Document Detail


Interacting effects of preoperative information and patient choice in adaptation to colonoscopy.
MedLine Citation:
PMID:  16228834     Owner:  NLM     Status:  MEDLINE    
Abstract/OtherAbstract:
PURPOSE: The aim of this study was to match patient information requirements by determining whether giving patients a choice for additional preprocedural audiovisual information modifies the effectiveness of this information on anxiety, worry, knowledge, and patient satisfaction. METHODS: Patients scheduled to undergo colonoscopy were approached one week before their procedure. All patients received an information leaflet during their standard preanesthetic clinic visit. Patients were randomly assigned to a choice or no-choice condition. Patients in the choice condition were free to watch or not watch the video, people in the no-choice condition were further randomized to watch or not watch the video. Measures of anxiety and worry were completed before watching the video. Anxiety, worry, knowledge, and satisfaction were measured one week later just before the colonoscopy. RESULTS: One hundred sixty-six patients completed the study. Of those patients randomized to the choice condition, 69 percent wanted to watch the video. Those who chose not to watch the video were significantly more worried on the day of their procedure. Consistent with current evidence, watching the video was associated with improvements in short-term knowledge (F(1,161) = 4.8, P = 0.03). There was, however, no significant effect of the choice or video conditions on anxiety or patient satisfaction. CONCLUSIONS: There appears to be no additional benefits in terms of patient outcomes by allowing patients to choose whether they want additional audiovisual information. We suggest that all patients undergoing colonoscopy would benefit from watching such an educational video in the week before their procedure.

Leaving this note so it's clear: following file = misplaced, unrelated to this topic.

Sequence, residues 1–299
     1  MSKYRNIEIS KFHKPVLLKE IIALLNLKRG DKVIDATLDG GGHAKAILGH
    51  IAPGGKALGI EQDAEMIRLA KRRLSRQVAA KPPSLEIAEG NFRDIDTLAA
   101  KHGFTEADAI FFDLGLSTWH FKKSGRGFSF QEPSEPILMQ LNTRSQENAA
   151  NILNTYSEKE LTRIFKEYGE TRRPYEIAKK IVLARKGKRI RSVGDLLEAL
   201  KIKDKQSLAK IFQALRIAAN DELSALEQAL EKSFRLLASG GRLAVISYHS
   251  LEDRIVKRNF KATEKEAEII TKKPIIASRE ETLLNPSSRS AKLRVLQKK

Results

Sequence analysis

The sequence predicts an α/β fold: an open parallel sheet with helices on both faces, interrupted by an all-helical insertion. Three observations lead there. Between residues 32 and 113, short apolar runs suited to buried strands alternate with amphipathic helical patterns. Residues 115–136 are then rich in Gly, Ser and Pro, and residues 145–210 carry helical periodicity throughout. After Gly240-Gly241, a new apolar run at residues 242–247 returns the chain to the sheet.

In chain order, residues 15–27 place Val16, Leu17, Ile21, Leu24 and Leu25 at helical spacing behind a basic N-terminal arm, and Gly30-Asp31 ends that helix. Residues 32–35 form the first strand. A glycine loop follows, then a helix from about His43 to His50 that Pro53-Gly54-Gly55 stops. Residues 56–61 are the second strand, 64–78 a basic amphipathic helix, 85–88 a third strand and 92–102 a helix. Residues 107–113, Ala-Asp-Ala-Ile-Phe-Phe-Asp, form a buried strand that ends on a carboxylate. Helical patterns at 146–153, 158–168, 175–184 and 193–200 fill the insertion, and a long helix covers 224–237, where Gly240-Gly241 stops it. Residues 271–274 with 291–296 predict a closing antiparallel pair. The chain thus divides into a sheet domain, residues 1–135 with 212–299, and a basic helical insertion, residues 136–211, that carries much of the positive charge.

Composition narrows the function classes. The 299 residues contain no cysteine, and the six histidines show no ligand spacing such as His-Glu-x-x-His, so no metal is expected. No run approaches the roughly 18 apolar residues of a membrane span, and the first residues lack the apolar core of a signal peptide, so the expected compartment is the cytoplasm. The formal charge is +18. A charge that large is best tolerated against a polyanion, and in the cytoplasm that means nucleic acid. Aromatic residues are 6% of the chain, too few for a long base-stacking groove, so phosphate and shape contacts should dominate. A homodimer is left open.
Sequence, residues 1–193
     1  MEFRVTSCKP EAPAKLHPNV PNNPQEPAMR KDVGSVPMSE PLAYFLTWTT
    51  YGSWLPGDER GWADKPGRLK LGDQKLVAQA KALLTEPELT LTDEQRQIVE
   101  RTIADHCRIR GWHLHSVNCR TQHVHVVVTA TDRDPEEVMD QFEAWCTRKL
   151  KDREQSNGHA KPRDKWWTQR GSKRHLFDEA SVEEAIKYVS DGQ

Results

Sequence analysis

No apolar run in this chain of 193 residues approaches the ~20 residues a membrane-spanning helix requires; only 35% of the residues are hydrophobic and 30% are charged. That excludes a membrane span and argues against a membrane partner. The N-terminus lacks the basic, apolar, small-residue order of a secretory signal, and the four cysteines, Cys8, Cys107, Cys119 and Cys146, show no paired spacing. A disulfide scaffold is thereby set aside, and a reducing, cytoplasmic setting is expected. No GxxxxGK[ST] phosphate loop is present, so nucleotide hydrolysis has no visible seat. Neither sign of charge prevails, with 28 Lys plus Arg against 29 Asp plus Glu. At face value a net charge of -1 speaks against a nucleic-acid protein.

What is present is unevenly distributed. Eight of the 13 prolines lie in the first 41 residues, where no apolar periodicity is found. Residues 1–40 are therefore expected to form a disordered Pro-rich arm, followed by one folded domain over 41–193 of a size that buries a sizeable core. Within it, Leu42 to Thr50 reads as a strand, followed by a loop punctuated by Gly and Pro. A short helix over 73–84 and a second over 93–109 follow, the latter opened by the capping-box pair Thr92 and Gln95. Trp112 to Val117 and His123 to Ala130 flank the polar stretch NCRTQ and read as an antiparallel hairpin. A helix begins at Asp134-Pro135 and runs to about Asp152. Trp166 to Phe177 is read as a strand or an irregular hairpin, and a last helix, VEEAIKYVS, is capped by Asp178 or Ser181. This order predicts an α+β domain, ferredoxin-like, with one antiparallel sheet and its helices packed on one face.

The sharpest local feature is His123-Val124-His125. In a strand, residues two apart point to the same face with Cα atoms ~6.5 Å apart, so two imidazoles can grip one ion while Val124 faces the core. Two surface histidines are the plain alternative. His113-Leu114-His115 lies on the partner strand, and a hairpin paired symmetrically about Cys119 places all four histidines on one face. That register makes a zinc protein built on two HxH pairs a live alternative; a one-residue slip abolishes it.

Authors:
Sue Pearson; Guy J Maddern; Peter Hewett
Related Documents :
6499534 - Dermatologists' referrals of prescriptions requiring compounding.
16984504 - Adherence rates with infliximab therapy in crohn's disease.
3630834 - Reduction mammaplasty: a medicolegal hazard?
18598614 - Strategies for incorporating antimicrobial mouthrinses into daily oral care.
21623214 - Vitamin d status in patients with chronic obstructive pulmonary disease who participate...
21075454 - Affective reactivity in heroin-dependent patients with antisocial personality disorder.
Publication Detail:
Type:  Journal Article; Randomized Controlled Trial; Research Support, Non-U.S. Gov't    
Journal Detail:
Title:  Diseases of the colon and rectum     Volume:  48     ISSN:  0012-3706     ISO Abbreviation:  Dis. Colon Rectum     Publication Date:  2005 Nov 
Date Detail:
Created Date:  2005-12-23     Completed Date:  2006-01-19     Revised Date:  2007-11-15    
Medline Journal Info:
Nlm Unique ID:  0372764     Medline TA:  Dis Colon Rectum     Country:  United States    
Other Details:
Languages:  eng     Pagination:  2047-54     Citation Subset:  IM    
Affiliation:
Division of Health Sciences, School of Nursing and Midwifery, University of South Australia, City East Campus, North Terrace, Adelaide, South Australia, 5000, Australia. sue.pearson@unisa.edu.au
Export Citation:
APA/MLA Format     Download EndNote     Download BibTex
MeSH Terms
Descriptor/Qualifier:
Adaptation, Psychological*
Adult
Aged
Anxiety / etiology,  prevention & control*
Audiovisual Aids
Choice Behavior*
Colonoscopy / psychology*
Female
Follow-Up Studies
Health Knowledge, Attitudes, Practice*
Humans
Male
Middle Aged
Patient Education as Topic*
Patient Satisfaction

From MEDLINE®/PubMed®, a database of the U.S. National Library of Medicine


Previous Document:  Single-fiber electromyography correlates more closely with incontinence scores than pudendal nerve t...
Next Document:  Hartmann's reversal is associated with high postoperative adverse events.